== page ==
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Samuel Carlisi

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Samuel Carlisli
An undated government mugshot of Carlisi
Samuel A. Carlisi

(1921-12-15)December 15, 1921
DiedJanuary 1, 1997(1997-01-01) (aged 75)
Other names
  • "Black Sam"
  • "Sam Wings"
OccupationCrime boss
PredecessorJoseph Ferriola
SuccessorJohn DiFronzo
AllegianceChicago Outfit
Conviction(s)Racketeering (1993)
Criminal penalty13 years' imprisonment (1993)

Samuel A. Carlisi (December 15, 1921 – January 2, 1997), also known as "Black Sam" and "Sam Wings", was an American mobster who was the boss of the Chicago Outfit criminal organization between 1989 and 1996.[1] Hillel Levin of Chicago magazine assessed Carlisi as a "weak leader" who led the Outfit only due to a lack of alternative candidates for the position.[2] Carlisi died in prison after being sentenced to 13 years' imprisonment for racketeering in 1996.[3]


Carlisi was born in Buffalo, New York.[3] His brother, Rosario "Roy" Carlisi, was a caporegime in the Buffalo crime family who was close to Buffalo Mafia boss Stefano Magaddino, which gave Sam Carlisi direct access to various East Coast crime families that were aligned with the Buffalo Mafia, such as those based in Rochester and Utica, New York and in Northeastern Pennsylvania. Carlisi used these connections to further his gambling and bookmaking interests, fence stolen goods, and possibly for narcotics operations he was overseeing or involved in. He was also a cousin of Chicago Outfit mobster Alfonso "Al the Pizza Man" Tornabene, and the uncle to Outfit mobsters Dominick and Nicholas DiMaggio. Carlisi served as a gunner's mate in the United States Coast Guard during World War II.[3] He was later a resident of Bloomingdale, Illinois.[4]

Carlisi started his criminal career with the Outfit as a driver for mobster Joseph "Joey Doves" Aiuppa when he was boss of the Cicero, Illinois crew. He earned his nickname "Wings" for his ability to elude police cars and efficiently chauffeur fellow mobsters around Chicago.[4] Carlisi became a "crew chief" overseeing the Outfit's rackets on the West Side of Chicago.[5] When Aiuppa was convicted in 1986 for the skimming of the Las Vegas casinos, Carlisi was his replacement and frontman.[3] When Joseph Ferriola became the Outfit's boss, Carlisi served as his underboss. This followed the murders of Michael and Tony Spilotro, in which Carlisi had allegedly been involved.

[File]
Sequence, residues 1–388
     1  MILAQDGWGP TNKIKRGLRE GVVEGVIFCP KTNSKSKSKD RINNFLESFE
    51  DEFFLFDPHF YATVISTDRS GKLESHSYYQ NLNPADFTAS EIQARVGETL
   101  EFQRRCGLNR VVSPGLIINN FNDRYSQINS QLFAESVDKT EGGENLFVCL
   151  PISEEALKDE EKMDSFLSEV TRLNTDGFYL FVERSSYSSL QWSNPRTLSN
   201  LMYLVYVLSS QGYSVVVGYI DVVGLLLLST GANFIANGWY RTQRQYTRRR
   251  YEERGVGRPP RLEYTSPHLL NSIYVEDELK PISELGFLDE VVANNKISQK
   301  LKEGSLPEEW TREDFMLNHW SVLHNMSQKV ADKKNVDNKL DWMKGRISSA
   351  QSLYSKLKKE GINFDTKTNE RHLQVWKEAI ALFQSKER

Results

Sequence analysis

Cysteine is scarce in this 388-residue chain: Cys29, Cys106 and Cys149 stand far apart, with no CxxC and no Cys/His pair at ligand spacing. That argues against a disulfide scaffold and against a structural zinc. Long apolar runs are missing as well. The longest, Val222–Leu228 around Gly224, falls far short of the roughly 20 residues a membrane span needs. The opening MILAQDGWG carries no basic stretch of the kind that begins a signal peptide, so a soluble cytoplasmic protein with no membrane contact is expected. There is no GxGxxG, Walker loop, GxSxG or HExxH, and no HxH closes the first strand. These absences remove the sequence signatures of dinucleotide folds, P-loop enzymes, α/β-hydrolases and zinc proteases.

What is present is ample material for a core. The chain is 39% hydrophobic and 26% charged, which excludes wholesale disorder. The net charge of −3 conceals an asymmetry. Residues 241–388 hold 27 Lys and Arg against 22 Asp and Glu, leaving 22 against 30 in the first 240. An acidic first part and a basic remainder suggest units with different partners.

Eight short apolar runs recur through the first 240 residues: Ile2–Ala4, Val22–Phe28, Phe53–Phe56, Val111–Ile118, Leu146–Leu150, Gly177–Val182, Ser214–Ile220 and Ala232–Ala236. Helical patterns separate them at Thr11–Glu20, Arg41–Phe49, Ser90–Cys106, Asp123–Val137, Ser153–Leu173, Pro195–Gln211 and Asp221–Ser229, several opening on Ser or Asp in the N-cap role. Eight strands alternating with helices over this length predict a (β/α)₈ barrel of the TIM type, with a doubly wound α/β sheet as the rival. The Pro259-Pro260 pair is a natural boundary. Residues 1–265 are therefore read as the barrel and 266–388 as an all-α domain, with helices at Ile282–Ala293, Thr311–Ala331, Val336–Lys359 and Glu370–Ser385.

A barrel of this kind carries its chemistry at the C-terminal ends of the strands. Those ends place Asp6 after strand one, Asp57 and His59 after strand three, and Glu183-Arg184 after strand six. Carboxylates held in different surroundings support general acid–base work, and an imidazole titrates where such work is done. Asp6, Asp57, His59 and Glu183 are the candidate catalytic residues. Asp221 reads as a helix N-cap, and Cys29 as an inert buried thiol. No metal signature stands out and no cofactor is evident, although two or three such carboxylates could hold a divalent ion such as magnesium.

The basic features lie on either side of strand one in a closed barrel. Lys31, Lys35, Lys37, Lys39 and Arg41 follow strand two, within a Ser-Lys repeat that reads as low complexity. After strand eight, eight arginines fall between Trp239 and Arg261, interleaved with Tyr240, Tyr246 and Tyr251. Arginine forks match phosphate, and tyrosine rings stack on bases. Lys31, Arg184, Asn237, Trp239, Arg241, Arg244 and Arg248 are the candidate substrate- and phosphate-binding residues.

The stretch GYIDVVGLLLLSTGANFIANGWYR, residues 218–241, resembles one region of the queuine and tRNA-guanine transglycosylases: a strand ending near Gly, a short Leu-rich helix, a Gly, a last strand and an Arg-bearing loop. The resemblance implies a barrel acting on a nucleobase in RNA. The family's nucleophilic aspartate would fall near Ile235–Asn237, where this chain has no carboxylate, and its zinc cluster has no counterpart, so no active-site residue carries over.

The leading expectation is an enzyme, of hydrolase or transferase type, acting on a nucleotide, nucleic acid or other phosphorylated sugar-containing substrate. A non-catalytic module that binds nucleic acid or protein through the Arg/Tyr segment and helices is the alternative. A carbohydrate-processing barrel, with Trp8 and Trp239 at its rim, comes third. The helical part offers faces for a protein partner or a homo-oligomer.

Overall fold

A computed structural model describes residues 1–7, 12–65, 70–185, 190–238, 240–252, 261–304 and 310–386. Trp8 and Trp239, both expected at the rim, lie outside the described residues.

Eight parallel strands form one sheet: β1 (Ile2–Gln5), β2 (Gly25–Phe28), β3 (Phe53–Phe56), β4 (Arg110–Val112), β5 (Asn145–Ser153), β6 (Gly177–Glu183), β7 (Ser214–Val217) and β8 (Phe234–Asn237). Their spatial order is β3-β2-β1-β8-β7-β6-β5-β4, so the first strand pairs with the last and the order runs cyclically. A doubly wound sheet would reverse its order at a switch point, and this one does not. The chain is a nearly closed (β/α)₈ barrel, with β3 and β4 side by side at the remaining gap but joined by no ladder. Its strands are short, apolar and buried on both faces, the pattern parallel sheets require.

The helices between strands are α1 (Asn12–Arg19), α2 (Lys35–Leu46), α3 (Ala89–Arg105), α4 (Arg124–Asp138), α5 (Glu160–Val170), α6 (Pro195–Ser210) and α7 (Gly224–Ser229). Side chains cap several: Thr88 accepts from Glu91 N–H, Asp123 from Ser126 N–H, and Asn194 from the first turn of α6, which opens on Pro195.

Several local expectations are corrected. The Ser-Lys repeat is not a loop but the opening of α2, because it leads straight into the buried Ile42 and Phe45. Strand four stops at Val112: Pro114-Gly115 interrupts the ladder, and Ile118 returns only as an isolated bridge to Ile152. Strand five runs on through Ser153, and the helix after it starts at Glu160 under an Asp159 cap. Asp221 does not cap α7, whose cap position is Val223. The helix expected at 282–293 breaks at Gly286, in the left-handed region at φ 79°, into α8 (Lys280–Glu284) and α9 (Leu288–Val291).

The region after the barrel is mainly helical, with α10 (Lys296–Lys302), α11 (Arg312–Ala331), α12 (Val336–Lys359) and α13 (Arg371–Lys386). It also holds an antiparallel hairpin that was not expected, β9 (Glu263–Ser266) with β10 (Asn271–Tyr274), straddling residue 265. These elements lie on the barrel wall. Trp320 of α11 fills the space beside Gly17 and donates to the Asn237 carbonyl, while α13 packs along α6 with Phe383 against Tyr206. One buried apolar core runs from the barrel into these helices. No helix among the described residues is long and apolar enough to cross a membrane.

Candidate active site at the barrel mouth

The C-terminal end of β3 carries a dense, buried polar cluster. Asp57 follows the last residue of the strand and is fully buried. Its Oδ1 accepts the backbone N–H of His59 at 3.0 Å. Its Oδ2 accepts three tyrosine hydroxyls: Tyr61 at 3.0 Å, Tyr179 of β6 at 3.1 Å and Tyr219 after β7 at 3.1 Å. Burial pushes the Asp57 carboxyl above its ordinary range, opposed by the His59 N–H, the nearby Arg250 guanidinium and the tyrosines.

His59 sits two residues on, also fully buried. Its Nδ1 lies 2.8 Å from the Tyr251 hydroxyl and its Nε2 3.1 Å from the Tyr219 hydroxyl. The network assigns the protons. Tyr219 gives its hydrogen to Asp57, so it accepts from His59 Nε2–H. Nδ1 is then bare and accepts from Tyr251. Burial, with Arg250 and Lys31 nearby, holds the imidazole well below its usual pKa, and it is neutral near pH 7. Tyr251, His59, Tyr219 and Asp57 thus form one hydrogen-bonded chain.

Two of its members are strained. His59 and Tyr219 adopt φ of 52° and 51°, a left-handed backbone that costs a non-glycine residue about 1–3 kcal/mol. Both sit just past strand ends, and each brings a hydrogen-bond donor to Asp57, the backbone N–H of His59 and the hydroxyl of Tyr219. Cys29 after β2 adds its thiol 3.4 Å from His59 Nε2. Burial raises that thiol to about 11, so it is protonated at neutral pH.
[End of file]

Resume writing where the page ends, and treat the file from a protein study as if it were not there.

Outfit boss[edit]

After Ferriola was diagnosed with cancer, he assigned the day-to-day supervision of the Outfit to Carlisi. After Ferriola died, Carlisi became the new boss. In December 1990, Carlisi bought a 2,500- square-foot home in the Tequesta Pointe neighborhood of Weston, Florida, where he lived in a home that was listed in the name of his wife, Suzanne.[1][3] Then, in January 1991, he reportedly went into semi-retirement in South Florida.[1] On January 10, 1992, Carlisi was arrested by agents of the Federal Bureau of Investigation (FBI), the Florida Department of Law Enforcement, and the Broward County Sheriff's Office Organized Crime Division at his home in Weston.[1] He was one of ten men named in a 15-count federal indictment alleging that he had approved a failed attempt by the Outfit to take over the management of a legal Rincon Indian gambling hall near San Diego, California. The FBI in San Diego had built the case via wiretap recordings from dozens of locations.[1] Carlisi's trial ended in a hung jury, although eight others were convicted in the case.[1][3]